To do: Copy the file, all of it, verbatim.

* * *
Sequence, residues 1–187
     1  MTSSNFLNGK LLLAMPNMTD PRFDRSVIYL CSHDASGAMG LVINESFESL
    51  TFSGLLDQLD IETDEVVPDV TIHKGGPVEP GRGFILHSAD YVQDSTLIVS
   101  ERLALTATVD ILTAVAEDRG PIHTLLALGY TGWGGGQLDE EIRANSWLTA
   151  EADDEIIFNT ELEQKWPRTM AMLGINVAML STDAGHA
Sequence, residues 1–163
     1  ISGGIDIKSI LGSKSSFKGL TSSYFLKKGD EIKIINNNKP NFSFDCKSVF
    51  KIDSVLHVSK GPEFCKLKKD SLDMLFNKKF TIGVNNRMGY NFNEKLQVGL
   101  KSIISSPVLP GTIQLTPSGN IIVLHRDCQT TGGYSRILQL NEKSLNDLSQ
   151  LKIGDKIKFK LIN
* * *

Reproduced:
Sequence, residues 1–187
     1  MTSSNFLNGK LLLAMPNMTD PRFDRSVIYL CSHDASGAMG LVINESFESL
    51  TFSGLLDQLD IETDEVVPDV TIHKGGPVEP GRGFILHSAD YVQDSTLIVS
   101  ERLALTATVD ILTAVAEDRG PIHTLLALGY TGWGGGQLDE EIRANSWLTA
   151  EADDEIIFNT ELEQKWPRTM AMLGINVAML STDAGHA
Sequence, residues 1–163
     1  ISGGIDIKSI LGSKSSFKGL TSSYFLKKGD EIKIINNNKP NFSFDCKSVF
    51  KIDSVLHVSK GPEFCKLKKD SLDMLFNKKF TIGVNNRMGY NFNEKLQVGL
   101  KSIISSPVLP GTIQLTPSGN IIVLHRDCQT TGGYSRILQL NEKSLNDLSQ
   151  LKIGDKIKFK LIN